Making aged care homes more liveable for older Aussies will be a key feature of any changes to the sector, and as over half of all aged care residents have a dementia diagnosis, thinking outside the box when it comes to our care homes will be important.
This is reflected in the final report of the royal commission.
"Where older people live affects their sense of security and their quality of life," the report reads.
"Accommodation that is well designed to meet people’s needs can improve their lives and their wellbeing."
And small scale living is one model many believe is better suited to residential care.
"Without wishing to limit innovation, we consider that the small household model is one way in which residential aged care can adopt dementia-friendly and accessible design principles," the commission's report continues.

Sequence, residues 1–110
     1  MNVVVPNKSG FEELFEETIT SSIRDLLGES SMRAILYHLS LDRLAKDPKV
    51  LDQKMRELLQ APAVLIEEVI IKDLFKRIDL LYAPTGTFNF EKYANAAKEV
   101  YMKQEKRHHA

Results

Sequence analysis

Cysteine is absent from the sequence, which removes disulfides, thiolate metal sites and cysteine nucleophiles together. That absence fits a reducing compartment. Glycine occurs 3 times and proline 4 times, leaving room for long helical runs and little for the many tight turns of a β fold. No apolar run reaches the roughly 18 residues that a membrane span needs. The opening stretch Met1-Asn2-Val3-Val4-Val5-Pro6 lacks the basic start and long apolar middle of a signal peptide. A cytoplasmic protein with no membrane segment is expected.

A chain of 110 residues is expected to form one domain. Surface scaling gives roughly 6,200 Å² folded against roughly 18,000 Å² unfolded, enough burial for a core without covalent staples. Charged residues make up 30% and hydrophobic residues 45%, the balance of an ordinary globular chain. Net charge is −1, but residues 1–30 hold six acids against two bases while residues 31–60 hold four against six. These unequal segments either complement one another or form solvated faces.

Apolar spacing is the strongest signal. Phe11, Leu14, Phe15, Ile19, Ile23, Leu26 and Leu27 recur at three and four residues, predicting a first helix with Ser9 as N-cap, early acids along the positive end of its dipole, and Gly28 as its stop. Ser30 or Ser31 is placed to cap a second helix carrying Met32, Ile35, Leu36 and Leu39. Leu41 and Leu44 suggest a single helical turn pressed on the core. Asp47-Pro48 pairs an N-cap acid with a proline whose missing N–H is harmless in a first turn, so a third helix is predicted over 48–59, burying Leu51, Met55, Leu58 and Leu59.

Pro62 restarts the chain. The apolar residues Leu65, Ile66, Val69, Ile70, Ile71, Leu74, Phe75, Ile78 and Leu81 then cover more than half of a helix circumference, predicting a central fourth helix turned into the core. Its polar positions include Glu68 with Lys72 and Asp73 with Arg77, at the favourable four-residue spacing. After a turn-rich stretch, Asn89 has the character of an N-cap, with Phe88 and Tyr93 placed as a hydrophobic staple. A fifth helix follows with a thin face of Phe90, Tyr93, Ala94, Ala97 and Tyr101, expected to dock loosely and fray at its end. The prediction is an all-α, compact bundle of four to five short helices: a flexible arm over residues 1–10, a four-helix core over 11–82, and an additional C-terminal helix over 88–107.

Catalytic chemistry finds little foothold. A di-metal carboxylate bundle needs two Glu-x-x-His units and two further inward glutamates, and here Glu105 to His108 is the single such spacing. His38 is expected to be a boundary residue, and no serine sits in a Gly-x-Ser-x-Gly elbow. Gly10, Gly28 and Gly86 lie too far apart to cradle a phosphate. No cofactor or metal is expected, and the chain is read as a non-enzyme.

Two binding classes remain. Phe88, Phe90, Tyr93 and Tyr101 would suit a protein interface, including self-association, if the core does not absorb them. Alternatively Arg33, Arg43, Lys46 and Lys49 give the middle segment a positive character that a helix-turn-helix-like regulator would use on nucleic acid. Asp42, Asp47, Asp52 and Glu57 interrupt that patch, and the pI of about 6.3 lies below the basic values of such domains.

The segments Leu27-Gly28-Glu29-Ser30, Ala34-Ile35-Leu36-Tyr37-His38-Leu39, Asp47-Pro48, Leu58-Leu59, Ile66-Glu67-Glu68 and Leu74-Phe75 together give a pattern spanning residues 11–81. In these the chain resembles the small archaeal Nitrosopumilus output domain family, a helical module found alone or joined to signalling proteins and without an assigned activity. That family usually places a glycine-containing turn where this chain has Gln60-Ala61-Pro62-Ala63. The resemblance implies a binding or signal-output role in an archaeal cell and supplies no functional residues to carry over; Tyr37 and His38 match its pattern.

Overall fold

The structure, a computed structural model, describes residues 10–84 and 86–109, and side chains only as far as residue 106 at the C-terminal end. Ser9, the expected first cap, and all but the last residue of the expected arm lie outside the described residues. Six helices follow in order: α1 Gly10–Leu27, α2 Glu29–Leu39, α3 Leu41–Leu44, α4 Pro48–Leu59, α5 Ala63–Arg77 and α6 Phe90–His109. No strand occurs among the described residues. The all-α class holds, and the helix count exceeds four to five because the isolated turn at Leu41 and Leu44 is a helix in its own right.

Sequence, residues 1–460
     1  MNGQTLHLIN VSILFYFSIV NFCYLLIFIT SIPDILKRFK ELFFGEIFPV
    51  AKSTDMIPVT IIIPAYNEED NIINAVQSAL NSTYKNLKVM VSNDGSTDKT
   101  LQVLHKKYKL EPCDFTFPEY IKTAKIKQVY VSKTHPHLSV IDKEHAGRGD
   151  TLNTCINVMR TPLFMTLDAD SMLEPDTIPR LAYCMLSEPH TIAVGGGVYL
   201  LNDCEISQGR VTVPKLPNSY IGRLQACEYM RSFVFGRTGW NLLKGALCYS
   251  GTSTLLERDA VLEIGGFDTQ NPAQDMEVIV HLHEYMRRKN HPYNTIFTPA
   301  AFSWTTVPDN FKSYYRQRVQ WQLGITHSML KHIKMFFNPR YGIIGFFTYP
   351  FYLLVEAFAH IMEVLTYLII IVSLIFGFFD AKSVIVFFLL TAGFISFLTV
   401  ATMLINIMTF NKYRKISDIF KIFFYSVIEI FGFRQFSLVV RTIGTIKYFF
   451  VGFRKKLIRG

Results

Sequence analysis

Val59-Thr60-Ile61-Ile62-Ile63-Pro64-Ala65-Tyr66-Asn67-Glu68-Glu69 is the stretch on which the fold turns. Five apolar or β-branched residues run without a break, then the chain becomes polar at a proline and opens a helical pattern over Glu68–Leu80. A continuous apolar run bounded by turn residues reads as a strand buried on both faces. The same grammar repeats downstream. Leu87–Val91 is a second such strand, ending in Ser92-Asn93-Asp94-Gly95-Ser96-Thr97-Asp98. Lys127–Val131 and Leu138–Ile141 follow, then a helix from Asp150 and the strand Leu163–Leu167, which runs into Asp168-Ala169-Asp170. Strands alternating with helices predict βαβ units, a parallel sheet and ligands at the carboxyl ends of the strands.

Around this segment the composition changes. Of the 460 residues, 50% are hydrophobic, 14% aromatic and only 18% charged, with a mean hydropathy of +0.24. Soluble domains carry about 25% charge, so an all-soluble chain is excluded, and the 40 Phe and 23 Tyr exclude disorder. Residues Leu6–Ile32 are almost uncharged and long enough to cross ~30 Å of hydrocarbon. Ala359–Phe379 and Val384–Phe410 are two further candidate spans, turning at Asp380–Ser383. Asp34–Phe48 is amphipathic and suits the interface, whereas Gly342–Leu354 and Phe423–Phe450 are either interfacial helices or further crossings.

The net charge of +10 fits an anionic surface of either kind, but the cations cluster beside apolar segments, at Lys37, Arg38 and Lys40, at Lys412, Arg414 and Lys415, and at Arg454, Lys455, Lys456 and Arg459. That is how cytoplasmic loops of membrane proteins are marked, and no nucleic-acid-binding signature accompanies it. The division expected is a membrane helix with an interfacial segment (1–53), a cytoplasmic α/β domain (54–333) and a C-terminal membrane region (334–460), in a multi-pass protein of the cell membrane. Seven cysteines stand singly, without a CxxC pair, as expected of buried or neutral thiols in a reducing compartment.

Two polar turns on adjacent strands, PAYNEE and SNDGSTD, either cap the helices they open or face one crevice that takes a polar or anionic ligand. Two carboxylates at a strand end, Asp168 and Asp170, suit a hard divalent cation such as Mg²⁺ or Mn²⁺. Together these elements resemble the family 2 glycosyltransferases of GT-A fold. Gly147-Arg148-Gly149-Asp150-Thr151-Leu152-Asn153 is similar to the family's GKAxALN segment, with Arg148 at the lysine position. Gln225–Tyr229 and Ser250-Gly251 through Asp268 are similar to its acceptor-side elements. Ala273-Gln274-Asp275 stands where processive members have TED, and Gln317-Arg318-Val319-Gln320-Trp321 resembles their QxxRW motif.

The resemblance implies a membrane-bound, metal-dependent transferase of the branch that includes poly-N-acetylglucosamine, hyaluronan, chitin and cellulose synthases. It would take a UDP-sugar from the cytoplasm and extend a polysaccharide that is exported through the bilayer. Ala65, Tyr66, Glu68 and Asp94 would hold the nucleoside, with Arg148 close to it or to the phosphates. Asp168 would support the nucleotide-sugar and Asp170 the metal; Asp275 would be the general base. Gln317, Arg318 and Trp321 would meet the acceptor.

"Commissioner Briggs believes that small household models of design are the best option for future residential aged care and that, in the absence of government action to steer the sector toward smaller-scale accommodation, providers and developers will continue to build larger facilities."
Tamar Krebs is another advocate for this model of care. A former RN, she is now founder and co-CEO of Group Homes Australia.
Krebs joined Aged Care Insite to discuss small scale living and its particular benefits for people with dementia.Do you have an idea for a story?
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